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How Chile gave up its nuke material

With US President Barack Obama shifting his nuclear nonproliferation strategy to rogue states and terrorists, Chile has become an example of how small countries can play a big part in making the world safer.

world Updated: Apr 09, 2010 00:27 IST

With US President Barack Obama shifting his nuclear nonproliferation strategy to rogue states and terrorists, Chile has become an example of how small countries can play a big part in making the world safer.

Vast amounts of highly enriched uranium, or HEU, is being stored in relatively insecure locations around the world. Just 25 kg of it — the size of a grapefruit — could create a mushroom cloud of radioactivity and devastate an entire city if detonated.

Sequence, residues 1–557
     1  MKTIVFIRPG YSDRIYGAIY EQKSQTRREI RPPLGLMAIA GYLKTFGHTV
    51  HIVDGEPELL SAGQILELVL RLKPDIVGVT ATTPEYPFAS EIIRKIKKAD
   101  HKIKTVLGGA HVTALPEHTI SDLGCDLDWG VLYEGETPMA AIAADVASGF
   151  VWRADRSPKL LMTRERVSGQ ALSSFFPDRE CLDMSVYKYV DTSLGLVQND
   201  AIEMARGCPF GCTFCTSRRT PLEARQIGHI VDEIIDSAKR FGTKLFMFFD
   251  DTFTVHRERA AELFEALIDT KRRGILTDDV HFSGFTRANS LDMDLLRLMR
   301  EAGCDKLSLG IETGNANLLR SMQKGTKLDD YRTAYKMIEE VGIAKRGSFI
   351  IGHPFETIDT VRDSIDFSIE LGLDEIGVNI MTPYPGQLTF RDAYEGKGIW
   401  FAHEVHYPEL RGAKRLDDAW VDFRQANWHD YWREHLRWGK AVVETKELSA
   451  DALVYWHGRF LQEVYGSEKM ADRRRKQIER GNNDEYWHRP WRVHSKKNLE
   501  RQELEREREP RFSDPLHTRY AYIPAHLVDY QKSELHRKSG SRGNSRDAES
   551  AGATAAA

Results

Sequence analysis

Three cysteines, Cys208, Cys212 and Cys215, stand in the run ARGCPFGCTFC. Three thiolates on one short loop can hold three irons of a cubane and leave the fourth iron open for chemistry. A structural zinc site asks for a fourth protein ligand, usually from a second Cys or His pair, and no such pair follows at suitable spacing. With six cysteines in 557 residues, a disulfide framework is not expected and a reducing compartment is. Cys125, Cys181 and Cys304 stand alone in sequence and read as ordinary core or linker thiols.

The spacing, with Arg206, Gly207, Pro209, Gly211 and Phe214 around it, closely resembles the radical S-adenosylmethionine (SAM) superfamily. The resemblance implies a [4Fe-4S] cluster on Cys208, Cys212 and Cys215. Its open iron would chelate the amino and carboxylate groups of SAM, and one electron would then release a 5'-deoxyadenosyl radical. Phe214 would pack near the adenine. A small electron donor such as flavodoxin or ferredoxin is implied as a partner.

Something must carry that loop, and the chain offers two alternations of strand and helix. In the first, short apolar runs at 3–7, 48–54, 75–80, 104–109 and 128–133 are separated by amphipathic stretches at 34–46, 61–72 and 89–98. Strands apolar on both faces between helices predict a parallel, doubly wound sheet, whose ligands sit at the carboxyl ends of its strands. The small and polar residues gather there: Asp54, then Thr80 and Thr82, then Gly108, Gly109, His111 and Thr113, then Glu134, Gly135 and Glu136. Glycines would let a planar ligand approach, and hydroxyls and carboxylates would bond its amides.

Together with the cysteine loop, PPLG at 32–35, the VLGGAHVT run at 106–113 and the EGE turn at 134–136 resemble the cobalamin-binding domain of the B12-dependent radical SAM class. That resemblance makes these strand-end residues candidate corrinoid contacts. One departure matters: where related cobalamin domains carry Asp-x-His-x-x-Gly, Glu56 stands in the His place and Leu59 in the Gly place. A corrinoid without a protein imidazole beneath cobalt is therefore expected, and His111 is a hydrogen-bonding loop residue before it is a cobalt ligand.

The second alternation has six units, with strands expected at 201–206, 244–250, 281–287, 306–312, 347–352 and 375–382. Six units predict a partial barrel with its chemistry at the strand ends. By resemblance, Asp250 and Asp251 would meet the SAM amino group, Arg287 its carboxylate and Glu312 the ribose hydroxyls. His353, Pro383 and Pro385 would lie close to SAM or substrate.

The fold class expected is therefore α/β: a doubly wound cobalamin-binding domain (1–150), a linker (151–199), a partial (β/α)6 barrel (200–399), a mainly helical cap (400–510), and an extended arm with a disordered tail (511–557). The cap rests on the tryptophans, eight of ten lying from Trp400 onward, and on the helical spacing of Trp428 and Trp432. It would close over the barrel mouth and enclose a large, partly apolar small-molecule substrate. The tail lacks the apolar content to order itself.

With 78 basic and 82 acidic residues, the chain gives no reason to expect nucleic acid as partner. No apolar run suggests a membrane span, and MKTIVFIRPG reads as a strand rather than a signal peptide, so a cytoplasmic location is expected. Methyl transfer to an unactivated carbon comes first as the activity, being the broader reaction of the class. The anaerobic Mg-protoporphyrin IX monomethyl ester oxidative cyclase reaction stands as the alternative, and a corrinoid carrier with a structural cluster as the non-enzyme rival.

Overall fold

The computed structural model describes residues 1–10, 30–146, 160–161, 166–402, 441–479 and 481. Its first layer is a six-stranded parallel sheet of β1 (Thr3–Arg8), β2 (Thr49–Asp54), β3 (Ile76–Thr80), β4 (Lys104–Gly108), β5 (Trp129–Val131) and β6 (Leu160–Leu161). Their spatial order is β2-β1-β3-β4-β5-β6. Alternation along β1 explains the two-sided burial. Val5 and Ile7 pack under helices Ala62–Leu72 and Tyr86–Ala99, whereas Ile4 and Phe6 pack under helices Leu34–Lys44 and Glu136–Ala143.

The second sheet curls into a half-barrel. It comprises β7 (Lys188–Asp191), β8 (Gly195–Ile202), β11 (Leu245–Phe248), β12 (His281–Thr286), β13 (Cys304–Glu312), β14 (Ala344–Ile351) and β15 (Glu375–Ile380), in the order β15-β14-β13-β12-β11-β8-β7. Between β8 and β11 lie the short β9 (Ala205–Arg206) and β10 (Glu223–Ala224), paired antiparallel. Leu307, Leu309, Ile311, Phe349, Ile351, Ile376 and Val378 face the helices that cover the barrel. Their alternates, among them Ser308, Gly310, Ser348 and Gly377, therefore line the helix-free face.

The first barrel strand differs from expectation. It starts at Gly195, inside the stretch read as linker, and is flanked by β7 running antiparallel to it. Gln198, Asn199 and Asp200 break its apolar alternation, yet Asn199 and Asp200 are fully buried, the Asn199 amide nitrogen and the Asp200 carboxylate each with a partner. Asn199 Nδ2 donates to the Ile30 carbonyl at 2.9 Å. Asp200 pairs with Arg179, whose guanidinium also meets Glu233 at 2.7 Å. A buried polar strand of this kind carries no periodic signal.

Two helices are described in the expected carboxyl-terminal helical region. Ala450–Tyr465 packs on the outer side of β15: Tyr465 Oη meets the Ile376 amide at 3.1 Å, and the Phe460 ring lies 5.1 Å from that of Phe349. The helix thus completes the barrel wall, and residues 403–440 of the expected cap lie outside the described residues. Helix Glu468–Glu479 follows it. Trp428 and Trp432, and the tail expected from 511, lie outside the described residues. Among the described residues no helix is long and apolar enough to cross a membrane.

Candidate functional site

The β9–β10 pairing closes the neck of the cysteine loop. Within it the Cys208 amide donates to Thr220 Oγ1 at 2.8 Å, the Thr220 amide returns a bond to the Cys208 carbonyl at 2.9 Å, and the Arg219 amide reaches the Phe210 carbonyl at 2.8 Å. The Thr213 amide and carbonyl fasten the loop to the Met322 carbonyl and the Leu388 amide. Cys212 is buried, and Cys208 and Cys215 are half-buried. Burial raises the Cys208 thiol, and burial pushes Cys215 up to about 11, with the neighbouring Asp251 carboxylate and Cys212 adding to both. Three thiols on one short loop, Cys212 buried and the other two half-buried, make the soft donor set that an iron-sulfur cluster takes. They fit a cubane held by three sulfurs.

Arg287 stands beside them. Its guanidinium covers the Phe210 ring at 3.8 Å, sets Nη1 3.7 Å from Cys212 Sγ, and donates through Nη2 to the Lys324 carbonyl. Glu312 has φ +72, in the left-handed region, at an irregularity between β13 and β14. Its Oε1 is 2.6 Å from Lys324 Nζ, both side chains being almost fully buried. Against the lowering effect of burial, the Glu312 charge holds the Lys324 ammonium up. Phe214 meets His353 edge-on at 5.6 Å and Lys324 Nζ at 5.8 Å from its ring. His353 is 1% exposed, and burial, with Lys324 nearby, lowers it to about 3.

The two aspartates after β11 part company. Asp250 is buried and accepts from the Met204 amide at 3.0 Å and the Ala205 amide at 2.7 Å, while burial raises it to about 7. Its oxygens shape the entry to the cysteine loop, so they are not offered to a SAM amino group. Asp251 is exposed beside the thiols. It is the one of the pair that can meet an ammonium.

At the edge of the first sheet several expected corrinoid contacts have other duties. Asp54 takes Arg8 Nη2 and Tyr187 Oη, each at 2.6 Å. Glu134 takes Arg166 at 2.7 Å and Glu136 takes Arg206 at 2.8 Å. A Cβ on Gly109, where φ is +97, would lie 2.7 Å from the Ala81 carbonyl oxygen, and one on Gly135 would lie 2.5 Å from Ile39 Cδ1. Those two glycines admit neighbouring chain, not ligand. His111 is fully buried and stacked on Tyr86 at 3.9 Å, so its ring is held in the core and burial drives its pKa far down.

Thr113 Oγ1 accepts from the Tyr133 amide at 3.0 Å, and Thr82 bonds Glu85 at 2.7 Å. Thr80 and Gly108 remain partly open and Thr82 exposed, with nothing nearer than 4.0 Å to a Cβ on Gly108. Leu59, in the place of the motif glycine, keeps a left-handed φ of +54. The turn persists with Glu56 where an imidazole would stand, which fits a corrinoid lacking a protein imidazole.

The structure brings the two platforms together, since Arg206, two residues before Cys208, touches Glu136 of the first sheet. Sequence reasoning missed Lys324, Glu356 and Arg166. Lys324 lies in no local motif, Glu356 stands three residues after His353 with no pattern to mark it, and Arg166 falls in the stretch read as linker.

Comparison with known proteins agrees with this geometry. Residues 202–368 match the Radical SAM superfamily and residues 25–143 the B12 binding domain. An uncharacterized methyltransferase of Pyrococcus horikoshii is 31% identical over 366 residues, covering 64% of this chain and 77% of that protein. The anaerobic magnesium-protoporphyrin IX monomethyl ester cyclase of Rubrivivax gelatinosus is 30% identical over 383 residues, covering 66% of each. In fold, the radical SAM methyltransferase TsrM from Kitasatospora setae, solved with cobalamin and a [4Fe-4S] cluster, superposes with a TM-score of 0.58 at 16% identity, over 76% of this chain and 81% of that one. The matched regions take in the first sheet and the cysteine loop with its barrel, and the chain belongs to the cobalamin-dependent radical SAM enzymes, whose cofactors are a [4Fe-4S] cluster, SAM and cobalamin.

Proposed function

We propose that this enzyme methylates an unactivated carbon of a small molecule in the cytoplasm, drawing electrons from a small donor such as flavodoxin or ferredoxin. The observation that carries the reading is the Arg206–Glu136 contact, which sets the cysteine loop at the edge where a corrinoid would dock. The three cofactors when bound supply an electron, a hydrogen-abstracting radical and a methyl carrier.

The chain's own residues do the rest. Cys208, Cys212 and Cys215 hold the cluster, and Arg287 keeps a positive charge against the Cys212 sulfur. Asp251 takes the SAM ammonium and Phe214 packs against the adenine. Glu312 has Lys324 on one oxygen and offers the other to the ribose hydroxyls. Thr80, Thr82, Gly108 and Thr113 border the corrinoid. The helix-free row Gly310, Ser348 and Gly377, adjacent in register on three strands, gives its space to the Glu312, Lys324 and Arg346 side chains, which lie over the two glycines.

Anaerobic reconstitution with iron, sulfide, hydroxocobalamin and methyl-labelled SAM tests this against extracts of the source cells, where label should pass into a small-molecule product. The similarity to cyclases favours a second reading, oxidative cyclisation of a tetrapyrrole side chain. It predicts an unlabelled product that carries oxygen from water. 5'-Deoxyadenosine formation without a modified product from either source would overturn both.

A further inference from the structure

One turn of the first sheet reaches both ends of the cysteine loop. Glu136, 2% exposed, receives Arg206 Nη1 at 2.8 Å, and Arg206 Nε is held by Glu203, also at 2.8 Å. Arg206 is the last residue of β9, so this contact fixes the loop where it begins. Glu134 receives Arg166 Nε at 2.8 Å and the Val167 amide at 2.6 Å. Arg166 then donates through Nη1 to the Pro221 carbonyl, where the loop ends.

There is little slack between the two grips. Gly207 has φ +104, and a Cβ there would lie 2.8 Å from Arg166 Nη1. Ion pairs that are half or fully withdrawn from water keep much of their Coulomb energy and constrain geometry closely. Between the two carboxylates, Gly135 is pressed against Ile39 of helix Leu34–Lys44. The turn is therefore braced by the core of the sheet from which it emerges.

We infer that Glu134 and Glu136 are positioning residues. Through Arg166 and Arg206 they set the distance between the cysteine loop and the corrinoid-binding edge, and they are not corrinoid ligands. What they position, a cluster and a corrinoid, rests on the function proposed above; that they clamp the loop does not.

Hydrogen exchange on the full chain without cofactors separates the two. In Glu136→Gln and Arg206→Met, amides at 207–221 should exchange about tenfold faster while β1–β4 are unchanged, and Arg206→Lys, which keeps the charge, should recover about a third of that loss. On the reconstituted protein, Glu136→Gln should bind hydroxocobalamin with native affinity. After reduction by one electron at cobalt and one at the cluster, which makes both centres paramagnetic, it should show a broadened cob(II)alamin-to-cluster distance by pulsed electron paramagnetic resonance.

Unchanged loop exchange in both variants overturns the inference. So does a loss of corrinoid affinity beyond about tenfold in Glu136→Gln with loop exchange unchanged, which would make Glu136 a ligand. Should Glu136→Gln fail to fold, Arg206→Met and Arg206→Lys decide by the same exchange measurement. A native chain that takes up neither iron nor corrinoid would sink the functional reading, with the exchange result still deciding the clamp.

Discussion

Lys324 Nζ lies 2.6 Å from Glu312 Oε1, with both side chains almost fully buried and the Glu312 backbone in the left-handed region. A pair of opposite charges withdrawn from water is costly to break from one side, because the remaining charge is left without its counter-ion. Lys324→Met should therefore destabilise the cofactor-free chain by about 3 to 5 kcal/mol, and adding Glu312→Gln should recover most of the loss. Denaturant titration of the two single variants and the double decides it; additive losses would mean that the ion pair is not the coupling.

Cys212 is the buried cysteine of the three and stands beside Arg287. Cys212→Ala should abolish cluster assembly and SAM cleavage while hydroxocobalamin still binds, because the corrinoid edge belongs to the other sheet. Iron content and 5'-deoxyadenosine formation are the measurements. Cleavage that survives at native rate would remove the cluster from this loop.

At a nonproliferation summit in Washington on Monday, Obama will encourage leaders from 47 countries to work with the US to secure and remove HEU from reactors, as Chile finally did last month.

Even as aftershocks from last month’s magnitude 8.8 earthquake shook their equipment, US and Chilean engineers worked together to carefully extract Chile’s last HEU.

It was no simple operation — the radioactive material was carefully loaded into specially designed casks and then lowered into two huge shipping containers for the ocean voyage. All told, 60 tons of metal were needed to keep just 18 kg of HEU from leaking radioactivity.

After two and a half weeks at sea, including passage through the Panama Canal, a specially outfitted double-hulled ship arrived under US Coast Guard escort at the Charleston Weapons Station in South Carolina last month.

Customs agents and nuclear inspectors made radiation checks as the containers were loaded onto flatbed trucks and then driven to the Savannah River Site in South Carolina and the Y-12 National Security Complex in Oak Ridge, Tennessee, where much of it will be converted to safer fuel and resold for nuclear power.